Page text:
Businessman Roy Collins died of single gunshot wound to his liver and heart, trial hears
Limerick businessman Roy Collins died of a single gunshot wound to his liver, aorta and vena cava, a Special Criminal Court murder trial has heard.
The trial of two men charged with his murder was today hearing medical evidence about attempts to resuscitate him and his cause of death.
Nathan Killeen (24) of Hyde Road, Prospect and Wayne Dundon (36), of Lenihan Avenue, Prospect have pleaded not guilty to the murder of 35-year-old Roy Collins at Coin Castle Amusements, Roxboro Road Shopping Centre on April 9, 2009.
The non-jury court has heard that Mr Collins was at work around noon that day when a gunman entered his amusement arcade and discharged a single shot, hitting him in the chest.
It’s the prosecution case that Wayne Dundon directed the murder from prison, Nathan Killeen was the getaway driver and another man, James Dillon, was the gunman.
Advanced paramedic Damien Gaumont testified that he arrived to the casino at 12.11pm that day. He said he found Mr Collins on all-fours and in distress but conscious. He said Mr Collins was complaining of having difficulty breathing.
Mr Gaumont rushed him to University Hospital, Limerick and handed him over to a consultant there at 12.23pm.
That consultant, Dr Cathal O’Donnell, testified that Mr Collins was talking when he arrived, but efforts to save his life were unsuccessful. He pronounced him dead at 12.55pm.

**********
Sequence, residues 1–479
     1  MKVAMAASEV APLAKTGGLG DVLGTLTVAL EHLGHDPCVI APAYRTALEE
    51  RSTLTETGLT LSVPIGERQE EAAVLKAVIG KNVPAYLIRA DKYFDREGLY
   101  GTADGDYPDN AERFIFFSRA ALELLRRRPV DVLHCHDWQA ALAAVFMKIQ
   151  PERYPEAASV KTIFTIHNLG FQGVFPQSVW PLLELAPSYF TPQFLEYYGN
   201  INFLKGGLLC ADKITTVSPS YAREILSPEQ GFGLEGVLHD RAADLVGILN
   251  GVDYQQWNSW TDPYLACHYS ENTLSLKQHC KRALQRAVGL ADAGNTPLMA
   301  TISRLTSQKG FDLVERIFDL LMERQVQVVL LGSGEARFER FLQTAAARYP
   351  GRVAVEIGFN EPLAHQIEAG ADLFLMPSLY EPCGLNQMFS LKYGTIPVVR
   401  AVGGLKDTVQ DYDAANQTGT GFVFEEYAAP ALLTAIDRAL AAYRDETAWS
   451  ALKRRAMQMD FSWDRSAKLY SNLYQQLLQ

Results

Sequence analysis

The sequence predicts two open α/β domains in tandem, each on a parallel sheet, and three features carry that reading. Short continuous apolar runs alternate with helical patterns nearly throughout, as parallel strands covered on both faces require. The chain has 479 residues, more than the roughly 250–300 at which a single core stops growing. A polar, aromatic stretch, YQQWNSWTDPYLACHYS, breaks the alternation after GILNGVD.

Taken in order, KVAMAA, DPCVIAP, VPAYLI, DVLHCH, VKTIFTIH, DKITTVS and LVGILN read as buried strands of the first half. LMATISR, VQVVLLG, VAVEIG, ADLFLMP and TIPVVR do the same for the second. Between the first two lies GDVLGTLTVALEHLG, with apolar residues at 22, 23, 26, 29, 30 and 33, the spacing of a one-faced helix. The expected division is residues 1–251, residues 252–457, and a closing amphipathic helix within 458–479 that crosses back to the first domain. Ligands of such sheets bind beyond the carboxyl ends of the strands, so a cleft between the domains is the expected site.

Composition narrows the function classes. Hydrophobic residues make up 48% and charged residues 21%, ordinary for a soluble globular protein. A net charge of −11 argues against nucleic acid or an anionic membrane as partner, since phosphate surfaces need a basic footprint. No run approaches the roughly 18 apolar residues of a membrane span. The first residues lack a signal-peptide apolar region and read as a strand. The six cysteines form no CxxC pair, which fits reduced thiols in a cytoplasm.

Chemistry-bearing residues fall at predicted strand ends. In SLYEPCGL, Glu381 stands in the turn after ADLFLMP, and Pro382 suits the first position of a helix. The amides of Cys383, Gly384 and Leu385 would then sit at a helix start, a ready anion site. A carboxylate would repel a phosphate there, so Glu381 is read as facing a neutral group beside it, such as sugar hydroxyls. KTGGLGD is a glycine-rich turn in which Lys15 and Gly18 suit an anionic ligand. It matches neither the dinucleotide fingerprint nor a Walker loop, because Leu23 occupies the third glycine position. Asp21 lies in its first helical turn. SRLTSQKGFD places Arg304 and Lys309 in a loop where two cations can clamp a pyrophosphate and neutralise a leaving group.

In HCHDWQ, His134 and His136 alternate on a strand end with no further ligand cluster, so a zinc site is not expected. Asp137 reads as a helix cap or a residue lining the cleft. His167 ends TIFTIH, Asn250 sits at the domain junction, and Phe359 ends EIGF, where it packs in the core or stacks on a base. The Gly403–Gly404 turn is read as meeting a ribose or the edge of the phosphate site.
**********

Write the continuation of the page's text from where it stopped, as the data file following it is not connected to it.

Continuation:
Prosecutor Michael O’Higgins read out the report of State Pathologist Professor Marie Cassidy, who carried out a post-mortem exam on his body.
She concluded that he died of a single gunshot wound to his trunk, wit the shot entering the front of his chest and exiting his body at his back.
She said the shot had injured his liver, inferior vena cava and aorta. She said his airways had filled with blood, which had hastened his death. She said he would have been upright when shot.
The court also heard that Nathan Killeen told detectives that he ran from gardai shortly after the murder because he had hash.
Detective Garda Maria Kiely was giving details of an interview she had carried out with him afterwards.
She testified that he said that he had run from gardai because he had hash, which he said he had thrown before jumping over a wall.
When asked why he had then hidden in an attic, he said that he also had bags of weed.
Also yesterday, the court was shown a black semi-automatic pistol, which had been loaded when found in rugby grounds in the city three years later.
Peter Gardiner of the Probation Service testified that he was supervising three men on community service in July 2012. He said they were cutting long grass in a neglected area of Young Munster Rugby Club, when one of the lawn mowers spat out a gun.
“There was this bang and this thing shot out from under the lawn mower,” he recalled. “It appeared to be a gun, but I thought it was toy or replica.”
He realised that the weapon was real once he picked it up, he said, identifying it for the court.
Remy Farrell SC, defending Wayne Dundon, put it to Mr Gardiner that it certainly wasn’t three years of growth he was dealing with at the club.
“I don’t know. I couldn’t answer that question,” he replied. “It could be more.”
Sergeant Gearóid Thompson, who was called to the find, said that there were three bullets in the magazine when he examined it. He couldn’t tell if there was any further ammunition in the chamber as it was rusted shut.
The trial continues before three judges, presided over Ms Justice Iseult O’Malley.